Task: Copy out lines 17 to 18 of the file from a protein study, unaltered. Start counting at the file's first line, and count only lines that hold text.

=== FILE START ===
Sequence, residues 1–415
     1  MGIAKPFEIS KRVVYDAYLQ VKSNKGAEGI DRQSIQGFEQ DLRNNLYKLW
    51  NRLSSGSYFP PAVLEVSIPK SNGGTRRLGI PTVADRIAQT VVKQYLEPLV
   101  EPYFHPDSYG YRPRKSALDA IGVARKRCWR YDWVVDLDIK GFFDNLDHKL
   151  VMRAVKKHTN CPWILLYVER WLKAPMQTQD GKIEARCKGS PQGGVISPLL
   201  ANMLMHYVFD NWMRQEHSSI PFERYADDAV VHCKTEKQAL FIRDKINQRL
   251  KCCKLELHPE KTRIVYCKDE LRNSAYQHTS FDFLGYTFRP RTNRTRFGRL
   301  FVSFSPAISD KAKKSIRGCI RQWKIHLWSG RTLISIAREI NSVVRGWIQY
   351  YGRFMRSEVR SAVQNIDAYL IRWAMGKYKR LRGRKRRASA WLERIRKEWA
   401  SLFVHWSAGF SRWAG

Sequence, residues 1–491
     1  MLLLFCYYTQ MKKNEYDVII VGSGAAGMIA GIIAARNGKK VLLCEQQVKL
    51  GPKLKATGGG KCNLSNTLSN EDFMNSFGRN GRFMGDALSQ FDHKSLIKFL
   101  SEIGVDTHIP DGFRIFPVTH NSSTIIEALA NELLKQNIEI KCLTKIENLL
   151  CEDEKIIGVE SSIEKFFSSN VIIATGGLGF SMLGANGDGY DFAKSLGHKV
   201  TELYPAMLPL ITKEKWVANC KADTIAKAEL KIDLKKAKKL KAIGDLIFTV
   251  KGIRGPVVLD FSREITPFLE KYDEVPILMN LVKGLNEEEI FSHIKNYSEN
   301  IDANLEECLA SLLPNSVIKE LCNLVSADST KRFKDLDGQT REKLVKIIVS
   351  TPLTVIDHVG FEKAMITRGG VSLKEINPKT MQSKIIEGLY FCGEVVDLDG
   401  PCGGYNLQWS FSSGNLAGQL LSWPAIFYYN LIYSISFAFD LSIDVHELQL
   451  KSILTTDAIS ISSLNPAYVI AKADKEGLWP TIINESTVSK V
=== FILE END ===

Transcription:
   251  KGIRGPVVLD FSREITPFLE KYDEVPILMN LVKGLNEEEI FSHIKNYSEN
   301  IDANLEECLA SLLPNSVIKE LCNLVSADST KRFKDLDGQT REKLVKIIVS